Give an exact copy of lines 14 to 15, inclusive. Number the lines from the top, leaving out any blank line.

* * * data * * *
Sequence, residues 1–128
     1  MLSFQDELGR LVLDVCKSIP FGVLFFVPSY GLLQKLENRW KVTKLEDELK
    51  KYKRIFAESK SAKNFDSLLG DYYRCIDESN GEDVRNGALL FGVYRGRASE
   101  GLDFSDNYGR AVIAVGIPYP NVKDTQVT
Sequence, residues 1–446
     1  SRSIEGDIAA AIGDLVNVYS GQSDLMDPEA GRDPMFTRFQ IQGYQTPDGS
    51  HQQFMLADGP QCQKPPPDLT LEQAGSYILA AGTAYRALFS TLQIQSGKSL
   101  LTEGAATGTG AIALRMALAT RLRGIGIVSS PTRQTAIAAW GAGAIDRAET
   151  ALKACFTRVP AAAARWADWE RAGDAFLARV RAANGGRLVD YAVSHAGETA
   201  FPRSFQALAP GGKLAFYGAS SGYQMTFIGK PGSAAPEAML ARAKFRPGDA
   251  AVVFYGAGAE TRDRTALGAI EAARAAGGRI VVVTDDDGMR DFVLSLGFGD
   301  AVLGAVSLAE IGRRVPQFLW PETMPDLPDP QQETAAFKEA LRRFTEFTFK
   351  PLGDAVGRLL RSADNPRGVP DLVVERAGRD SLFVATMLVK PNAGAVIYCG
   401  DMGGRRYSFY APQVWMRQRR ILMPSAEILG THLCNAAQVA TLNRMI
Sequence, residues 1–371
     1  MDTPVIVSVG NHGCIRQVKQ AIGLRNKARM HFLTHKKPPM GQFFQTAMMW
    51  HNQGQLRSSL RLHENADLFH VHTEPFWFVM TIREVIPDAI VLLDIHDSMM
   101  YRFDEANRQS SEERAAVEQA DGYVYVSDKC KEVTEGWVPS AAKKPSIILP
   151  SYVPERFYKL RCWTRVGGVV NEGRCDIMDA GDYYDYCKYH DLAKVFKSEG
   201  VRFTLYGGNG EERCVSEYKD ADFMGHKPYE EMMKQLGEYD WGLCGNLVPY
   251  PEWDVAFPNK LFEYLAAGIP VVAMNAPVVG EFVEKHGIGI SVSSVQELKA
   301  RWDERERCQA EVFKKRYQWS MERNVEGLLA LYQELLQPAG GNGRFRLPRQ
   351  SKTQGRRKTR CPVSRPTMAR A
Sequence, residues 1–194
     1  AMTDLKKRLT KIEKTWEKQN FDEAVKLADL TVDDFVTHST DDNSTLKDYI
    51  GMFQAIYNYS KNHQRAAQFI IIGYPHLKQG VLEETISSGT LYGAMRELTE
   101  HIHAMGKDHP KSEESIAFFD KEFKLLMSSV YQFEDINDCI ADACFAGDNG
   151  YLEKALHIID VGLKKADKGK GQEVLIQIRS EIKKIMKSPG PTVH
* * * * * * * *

   401  DMGGRRYSFY APQVWMRQRR ILMPSAEILG THLCNAAQVA TLNRMI
Sequence, residues 1–371